How to Use Note and Chord Names to Make Music on Your Raspberry Pi

By Sean McManus, Mike Cook

Sonic Pi enables you to use proper note names instead of MIDI numbers to play music on the RaspberryPi by using the name of the note (a letter from A to G), plus the number of the octave it’s in.

For example, to play a middle C, you can use

play :c4

To play the B one note before it, which is in the next lowest octave, you would use

play :b3

The Log shows that Sonic Pi plays notes 60 and 59 respectively. You can check the note names and numbers to confirm that this is what you expected.

MIDI Notes
Note 0 1 2 3 4 5 6 7 8 9
C 0 12 24 36 48 60 72 84 96 108 120
C# 1 13 25 37 49 61 73 85 97 109 121
D 2 14 26 38 50 62 74 86 98 110 122
D# 3 15 27 39 51 63 75 87 99 111 123
E 4 16 28 40 52 64 76 88 100 112 124
F 5 17 29 41 53 65 77 89 101 113 125
F# 6 18 30 42 54 66 78 90 102 114 126
G 7 19 31 43 55 67 79 91 103 115 127
G# 8 20 32 44 56 68 80 92 104 116
A 9 21 33 45 57 69 81 93 105 117
A# 10 22 34 46 58 70 82 94 106 118
B 11 23 35 47 59 71 83 95 107 119

 

Here’s how you could code a fanfare using note names instead of numbers:

play :c4

sleep 0.5

play :e4

sleep 0.5

play :g4

sleep 0.5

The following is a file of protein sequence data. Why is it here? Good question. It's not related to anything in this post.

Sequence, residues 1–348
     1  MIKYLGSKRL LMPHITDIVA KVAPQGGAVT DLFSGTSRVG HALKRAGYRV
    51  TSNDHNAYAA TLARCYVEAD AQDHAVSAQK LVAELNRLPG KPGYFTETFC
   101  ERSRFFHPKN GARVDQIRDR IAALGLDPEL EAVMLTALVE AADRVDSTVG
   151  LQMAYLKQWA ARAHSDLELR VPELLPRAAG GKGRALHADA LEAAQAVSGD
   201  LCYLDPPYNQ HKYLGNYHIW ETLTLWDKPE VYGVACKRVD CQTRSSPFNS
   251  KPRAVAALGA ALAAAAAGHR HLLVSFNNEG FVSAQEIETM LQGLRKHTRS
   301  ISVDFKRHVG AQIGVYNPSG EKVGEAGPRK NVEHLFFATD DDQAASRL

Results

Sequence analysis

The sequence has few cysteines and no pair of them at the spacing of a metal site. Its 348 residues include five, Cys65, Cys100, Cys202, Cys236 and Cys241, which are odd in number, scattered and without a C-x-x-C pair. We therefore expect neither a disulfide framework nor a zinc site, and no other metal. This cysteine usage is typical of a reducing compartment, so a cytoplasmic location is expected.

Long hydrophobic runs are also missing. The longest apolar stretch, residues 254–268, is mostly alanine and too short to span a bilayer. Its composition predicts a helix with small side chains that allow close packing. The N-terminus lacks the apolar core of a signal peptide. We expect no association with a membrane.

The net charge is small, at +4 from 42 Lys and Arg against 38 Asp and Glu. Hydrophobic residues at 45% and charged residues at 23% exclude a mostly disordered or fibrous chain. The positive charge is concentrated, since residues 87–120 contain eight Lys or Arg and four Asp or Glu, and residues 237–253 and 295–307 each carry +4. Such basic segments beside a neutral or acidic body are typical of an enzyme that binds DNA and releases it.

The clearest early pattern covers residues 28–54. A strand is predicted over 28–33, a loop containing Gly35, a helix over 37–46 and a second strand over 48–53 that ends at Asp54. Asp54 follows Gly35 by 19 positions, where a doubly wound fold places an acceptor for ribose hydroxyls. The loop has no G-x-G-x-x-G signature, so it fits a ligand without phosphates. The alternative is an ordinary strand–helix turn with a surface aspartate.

play :c5

If you want to use a sharp note, insert the letter s in the note name (for example, play :cs4) and use b for a flat note (play :cb4).

You can also use names to play chords. You tell Sonic Pi the lowest note in the chord and add which type of chord you want (try :major, :minor, or :diminished). There are also options for :major7, :minor7, :diminished7, and :dom7, among others. For a complete list, click Lang in the Help pane, and then select Chord. Try this:

play chord(:a3, :major)

sleep 1

play chord(:a3, :minor)

In each case, it plays three notes at the same time. If you look at the note numbers in the Log, you can see that the middle note was one pitch lower in the second chord because it’s a minor chord. Again, you can use Table 14-1 to check the note numbers Sonic Pi displays against the musical note names.

The chord is returned as a list, and you can use play_pattern to hear the notes of the chord in a sequence, like this:

play_pattern chord(:a3, :major)

play_pattern chord(:a3, :minor)